Max Siegel

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Perfect Shots

A few of my friends on Twitter have been retweeting posts from an account called OnePerfectShot (aka Perfect Shots). As the name implies, Perfect Shots posts stills from movies that its author considers to be aesthetically perfect. To be clear, I enjoy the outpouring of appreciation for aesthetics, and for cinematographers in general. Plus, the author of Perfect Shots, Geoff Todd, hates The Boondock Saints, so kudos to him.

But it's wrong to think of movies as a series of beautiful shots. Photography and cinematography are very different art forms, and conflating the two can be a career-ending mistake for a young cinematographer. The former attempts to tell stories in single frames, while the latter consists of many shots in many sequences that must work together in the context of the entire movie.

Here's a recent still that Perfect Shots posted from a scene in Zodiac:

It's a nice shot of a letter, but this single image is only significant to people who have already seen the movie and understand the full context. Everyone else misses out on the fact that it's taken from the midst of an initial build-up, in which the filmmakers cross-cut between the respective journeys of the Zodiac Killer's letter and Jake Gyllenhaal's character. It's a great scene from a great movie, but it isn't a great shot. And it wouldn't be fair to the filmmakers to sum up their feature length-long efforts in a single frame.

Before going to Chapman’s graduate cinematography program, I primarily dabbled in photography, not videography. To be honest, I wish it had been the other way around. The biggest challenge, my first year in school, was to break out of a photographer’s mindset. What may look and feel right, or “perfect,” in one shot may be completely wrong for the movie as a whole.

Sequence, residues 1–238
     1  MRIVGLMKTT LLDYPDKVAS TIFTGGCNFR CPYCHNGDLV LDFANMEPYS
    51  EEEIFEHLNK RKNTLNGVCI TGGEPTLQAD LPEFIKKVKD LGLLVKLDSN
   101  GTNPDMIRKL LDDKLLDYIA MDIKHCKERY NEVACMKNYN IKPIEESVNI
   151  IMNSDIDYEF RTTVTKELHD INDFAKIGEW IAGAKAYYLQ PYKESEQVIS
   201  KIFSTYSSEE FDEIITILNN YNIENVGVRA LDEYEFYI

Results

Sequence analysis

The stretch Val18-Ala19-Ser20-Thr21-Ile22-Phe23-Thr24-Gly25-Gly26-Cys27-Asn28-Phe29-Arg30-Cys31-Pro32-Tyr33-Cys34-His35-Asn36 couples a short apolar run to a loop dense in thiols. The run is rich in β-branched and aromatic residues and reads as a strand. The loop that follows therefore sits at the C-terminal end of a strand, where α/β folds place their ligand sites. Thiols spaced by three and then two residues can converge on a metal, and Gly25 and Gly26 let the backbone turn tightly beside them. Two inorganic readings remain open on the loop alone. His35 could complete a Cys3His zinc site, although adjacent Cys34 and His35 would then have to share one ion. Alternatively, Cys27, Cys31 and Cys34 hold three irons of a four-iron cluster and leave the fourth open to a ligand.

Consider Atonement, which most people tend to remember for its epic tracking shot of British soldiers on the beaches at Dunkirk. In his review for the New York Times, A. O. Scott succinctly summarizes the hazards filmmakers face if they treat a movie as a collection of great shots:

And even the most impressive sequences have an empty, arty virtuosity. The impression left by a long, complicated battlefield tracking shot is pretty much, ‘Wow, that’s quite a tracking shot,’ when it should be, ‘My God, what a horrible experience that must have been.’

Now consider John Toll and Terrence Mallick’s work in The Thin Red Line. (It just so happens to also be a movie that takes place during World War II.) That movie's “perfect shot,” as far as I’m concerned, begins 10 minutes prior to the opening artillery barrage of the Battle of Mount Austen. It starts with extended Steadicam shots, which allow us to relate to the soldiers cautiously treading through the island’s overgrown grass. That buildup concludes with a graceful, hardly noticeable crane shot that arcs through the grass, rising above the soldiers to reveal the island’s hilly terrain.

That's when we finally realize, Holy shit, these guys are fucked. And then a barrage of artillery shells rains down on them from the ridge of a seemingly peaceful hill.

Most people wouldn't consider any of those shots, taken individually, to be "perfect." And they wouldn't be able to easily explain why they're so cumulatively effective in an image or a Twitter post. By design, they are greater than the sum of their parts.

I didn't intend for this article to be a full-blown appraisal of John Toll’s career. But if you look at the rest of his filmography, from Braveheart to Almost Famous to Tropic Thunder and beyond, you can tell that the guy has a natural gift for telling a story visually over the course of an entire movie. There aren't any stills that stand out to me from his films, but the movies themselves are memorable, thanks to his intelligent, overarching approach. I hope that followers of @OnePerfectShot learn more about that approach, as they transition from being casual cinephiles to filmmakers or students of film themselves.